U.S. government releases draft plan for electronic health data
The Obama administration on Friday proposed a plan to move most doctors, hospitals and their patients to national standards for handling electronic clinical data by the end of 2017.
The U.S. Department of Health and Human Services (HHS), as part of an effort to propel the $2.9 trillion U.S. healthcare system away from a costly fee-for-service system, released a report draft aimed at establishing an inter operable health information technology system that can be accessed by patients and their healthcare providers.
Policy experts say that national health IT standards would lead to transparency in medical data, prices and provider performance, while helping support hospitals and medical practices in pursuing care-delivery models that emphasize care quality and savings over quantity.
Earlier this week, Health and Human Services Secretary Sylvia Burwell announced the goal of moving 50 percent of fee-for-service Medicare payments to quality-care focused providers by the end of 2018.
An industry task force has also been formed to facilitate a similar transformation for the private healthcare sector.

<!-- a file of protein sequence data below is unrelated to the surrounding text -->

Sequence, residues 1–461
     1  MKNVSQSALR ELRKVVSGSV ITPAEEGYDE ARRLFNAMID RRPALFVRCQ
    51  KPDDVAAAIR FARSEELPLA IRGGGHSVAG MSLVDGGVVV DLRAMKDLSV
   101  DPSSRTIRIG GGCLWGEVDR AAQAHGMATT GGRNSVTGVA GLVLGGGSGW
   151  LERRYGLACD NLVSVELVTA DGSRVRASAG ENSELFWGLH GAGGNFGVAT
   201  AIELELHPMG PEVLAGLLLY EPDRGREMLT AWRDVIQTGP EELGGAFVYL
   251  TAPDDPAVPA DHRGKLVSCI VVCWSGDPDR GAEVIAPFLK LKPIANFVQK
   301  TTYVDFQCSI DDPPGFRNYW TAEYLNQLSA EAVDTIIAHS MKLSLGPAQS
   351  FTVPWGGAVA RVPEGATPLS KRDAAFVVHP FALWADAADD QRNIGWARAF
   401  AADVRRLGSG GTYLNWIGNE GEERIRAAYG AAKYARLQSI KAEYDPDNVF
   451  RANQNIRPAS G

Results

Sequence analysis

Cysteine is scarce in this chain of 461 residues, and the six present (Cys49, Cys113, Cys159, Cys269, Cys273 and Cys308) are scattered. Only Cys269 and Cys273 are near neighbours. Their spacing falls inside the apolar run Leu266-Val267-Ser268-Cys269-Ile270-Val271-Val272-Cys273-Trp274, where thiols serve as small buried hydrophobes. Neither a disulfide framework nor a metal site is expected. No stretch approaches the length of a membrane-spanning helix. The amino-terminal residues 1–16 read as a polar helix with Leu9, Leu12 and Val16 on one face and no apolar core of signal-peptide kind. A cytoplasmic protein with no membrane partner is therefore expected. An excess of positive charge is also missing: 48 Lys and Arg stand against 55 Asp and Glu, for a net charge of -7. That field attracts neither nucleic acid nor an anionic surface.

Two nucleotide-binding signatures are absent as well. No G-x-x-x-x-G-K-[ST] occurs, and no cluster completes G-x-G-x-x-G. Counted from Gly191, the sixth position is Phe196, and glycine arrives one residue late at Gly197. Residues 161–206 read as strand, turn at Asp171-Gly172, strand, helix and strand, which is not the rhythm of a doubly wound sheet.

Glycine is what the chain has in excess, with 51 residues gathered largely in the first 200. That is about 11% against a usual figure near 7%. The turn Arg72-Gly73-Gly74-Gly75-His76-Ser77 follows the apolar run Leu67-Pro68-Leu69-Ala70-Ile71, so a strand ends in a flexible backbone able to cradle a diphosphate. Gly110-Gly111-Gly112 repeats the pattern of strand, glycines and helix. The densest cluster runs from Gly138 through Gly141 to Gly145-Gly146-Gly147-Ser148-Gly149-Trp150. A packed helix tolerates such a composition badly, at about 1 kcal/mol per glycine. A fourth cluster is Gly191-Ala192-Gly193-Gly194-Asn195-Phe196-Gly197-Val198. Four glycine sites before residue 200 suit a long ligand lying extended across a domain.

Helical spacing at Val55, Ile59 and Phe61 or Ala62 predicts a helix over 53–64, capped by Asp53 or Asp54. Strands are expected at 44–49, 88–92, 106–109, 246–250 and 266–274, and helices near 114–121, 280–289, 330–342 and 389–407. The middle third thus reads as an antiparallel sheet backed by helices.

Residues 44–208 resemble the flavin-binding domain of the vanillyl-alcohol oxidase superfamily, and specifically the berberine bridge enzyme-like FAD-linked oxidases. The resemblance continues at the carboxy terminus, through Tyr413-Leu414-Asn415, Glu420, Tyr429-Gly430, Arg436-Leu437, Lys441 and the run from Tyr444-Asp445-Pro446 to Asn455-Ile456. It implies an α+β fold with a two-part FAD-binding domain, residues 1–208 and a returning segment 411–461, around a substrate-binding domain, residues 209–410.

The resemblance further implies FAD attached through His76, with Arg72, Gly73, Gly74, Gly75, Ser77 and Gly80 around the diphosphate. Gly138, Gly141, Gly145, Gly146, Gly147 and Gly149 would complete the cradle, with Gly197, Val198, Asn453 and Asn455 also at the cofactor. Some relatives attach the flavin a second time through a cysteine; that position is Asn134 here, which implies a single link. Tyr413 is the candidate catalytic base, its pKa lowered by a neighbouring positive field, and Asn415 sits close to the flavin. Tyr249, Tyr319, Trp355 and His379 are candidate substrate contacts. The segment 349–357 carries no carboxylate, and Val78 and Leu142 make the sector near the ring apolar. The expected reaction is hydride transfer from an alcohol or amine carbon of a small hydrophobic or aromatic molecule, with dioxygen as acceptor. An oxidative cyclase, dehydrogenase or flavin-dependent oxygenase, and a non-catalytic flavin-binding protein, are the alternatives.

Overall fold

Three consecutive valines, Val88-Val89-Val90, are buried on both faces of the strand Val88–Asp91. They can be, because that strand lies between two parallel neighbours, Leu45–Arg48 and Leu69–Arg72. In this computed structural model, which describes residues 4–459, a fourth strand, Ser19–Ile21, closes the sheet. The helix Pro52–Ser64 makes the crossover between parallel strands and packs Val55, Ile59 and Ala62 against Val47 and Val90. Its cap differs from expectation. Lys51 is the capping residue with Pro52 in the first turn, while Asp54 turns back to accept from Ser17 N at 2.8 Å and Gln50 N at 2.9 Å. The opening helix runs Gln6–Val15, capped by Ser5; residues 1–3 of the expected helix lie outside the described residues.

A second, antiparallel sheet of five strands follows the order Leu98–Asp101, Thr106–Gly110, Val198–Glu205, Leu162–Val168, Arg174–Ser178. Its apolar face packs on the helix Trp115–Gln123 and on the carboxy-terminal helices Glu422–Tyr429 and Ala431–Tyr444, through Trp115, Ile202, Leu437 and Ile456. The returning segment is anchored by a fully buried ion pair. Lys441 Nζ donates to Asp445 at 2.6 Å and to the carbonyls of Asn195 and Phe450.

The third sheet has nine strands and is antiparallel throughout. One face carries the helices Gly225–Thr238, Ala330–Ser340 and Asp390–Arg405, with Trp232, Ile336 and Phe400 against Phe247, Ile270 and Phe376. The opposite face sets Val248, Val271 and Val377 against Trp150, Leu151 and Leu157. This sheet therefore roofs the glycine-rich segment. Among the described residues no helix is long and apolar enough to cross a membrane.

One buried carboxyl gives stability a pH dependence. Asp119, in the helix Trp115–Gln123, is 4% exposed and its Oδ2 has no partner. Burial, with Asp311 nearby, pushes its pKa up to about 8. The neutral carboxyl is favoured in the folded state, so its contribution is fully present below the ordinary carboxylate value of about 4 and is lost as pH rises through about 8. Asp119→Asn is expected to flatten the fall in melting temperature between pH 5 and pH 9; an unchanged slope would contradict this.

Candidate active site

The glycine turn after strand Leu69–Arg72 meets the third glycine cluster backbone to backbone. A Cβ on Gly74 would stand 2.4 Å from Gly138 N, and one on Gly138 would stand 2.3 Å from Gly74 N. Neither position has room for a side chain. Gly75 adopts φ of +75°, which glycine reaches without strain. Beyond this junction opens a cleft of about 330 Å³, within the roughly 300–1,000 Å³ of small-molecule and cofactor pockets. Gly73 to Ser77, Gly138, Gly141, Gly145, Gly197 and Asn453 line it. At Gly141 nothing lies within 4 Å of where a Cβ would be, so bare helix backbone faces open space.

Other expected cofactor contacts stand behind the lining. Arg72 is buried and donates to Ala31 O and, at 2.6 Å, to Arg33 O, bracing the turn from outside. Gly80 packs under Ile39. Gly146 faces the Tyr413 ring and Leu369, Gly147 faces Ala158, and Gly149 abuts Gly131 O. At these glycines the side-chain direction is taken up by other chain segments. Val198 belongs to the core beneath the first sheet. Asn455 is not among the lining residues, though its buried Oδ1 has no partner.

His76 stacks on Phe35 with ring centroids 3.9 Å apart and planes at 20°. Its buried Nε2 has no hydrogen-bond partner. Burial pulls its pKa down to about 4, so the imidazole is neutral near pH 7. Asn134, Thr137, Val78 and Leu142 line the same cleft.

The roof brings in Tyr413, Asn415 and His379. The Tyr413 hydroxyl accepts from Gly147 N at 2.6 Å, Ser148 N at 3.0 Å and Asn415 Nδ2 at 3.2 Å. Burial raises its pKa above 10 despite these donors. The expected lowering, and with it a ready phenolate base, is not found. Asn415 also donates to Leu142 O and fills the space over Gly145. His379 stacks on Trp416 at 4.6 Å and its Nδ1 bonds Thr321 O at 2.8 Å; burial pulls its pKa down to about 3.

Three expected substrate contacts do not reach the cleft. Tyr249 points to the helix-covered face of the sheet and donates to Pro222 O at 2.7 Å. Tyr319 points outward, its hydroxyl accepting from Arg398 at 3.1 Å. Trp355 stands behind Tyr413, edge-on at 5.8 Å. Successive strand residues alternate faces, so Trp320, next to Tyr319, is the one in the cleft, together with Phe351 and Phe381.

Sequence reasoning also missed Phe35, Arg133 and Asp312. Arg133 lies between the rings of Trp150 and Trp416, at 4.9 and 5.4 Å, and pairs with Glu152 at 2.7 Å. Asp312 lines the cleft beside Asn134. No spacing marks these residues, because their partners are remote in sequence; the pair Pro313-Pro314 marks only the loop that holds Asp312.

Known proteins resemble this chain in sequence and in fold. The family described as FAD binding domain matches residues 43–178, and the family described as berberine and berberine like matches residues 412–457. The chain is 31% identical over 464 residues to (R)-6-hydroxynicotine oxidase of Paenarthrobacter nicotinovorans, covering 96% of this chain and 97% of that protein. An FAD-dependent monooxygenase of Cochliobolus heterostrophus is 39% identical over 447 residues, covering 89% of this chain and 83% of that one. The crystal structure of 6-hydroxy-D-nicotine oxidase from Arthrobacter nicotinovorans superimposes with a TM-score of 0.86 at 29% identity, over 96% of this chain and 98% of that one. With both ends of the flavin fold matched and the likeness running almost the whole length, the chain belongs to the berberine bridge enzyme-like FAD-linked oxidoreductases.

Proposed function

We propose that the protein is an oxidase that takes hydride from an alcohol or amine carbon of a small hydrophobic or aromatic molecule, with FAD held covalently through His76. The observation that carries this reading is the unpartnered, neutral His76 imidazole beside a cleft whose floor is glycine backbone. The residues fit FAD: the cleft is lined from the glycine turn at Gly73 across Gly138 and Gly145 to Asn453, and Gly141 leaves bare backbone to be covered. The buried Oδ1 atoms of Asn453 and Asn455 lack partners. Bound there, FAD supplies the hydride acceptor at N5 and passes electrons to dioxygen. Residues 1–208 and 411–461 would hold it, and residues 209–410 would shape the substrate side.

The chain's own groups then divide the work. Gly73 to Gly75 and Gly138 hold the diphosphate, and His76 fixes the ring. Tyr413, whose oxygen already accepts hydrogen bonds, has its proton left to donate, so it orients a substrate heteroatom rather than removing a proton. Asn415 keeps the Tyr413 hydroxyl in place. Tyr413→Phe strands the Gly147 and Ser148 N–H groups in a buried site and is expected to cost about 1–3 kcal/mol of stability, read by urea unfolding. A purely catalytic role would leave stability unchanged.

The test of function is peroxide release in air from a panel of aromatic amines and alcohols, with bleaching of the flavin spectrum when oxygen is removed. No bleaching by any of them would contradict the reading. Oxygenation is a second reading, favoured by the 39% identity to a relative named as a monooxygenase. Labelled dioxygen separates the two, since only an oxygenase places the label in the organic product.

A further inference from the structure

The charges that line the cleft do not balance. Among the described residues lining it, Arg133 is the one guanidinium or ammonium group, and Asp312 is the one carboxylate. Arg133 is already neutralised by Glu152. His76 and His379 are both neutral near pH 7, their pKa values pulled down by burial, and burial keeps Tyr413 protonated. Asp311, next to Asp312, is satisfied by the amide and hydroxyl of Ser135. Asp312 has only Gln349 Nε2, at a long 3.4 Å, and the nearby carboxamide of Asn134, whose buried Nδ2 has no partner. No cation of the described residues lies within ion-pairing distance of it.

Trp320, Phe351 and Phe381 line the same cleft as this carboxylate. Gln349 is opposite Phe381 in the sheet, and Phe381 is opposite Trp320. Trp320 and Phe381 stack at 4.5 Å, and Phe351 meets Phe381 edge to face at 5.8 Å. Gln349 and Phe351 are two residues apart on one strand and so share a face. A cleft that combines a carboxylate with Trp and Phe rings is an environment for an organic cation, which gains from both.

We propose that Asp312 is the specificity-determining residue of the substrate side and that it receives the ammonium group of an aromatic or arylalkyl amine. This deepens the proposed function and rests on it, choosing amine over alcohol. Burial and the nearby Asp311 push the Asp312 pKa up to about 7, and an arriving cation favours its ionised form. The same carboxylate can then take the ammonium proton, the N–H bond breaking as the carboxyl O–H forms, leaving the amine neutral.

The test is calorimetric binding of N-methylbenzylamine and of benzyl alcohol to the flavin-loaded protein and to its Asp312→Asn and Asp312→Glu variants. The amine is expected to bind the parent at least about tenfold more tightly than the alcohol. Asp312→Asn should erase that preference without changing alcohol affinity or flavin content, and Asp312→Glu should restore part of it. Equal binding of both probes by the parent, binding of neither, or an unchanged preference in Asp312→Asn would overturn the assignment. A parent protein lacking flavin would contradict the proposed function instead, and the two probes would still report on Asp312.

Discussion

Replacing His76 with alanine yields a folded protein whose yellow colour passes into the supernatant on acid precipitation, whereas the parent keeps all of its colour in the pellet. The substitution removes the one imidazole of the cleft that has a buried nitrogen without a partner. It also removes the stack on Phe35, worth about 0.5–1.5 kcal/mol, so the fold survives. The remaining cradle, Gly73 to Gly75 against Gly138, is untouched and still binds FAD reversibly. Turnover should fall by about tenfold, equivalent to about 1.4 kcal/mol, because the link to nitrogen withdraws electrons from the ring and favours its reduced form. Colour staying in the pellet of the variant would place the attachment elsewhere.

HHS said the new IT roadmap "focuses on actions that will enable a majority of individuals and providers across the care continuum to send, receive, find and use a common set of electronic clinical information at the nationwide level by the end of 2017."
The release was warmly received by consumer advocates who support the administration's care-delivery goals.
"We are especially pleased that the new roadmap focuses on interoperability not just among providers, but also patients and their family caregivers, recognizing them as equal partners in the continuum of care," Debra Ness, president of the National Partnership for Women & Families, said in a statement.
The document covers core technical standards and functions, certification, privacy, security and governance. Public comment period on the draft closes April 3.
HHS released a separate advisory listing available standards and implementation specifications. Public comment on the standards advisory closes May 1.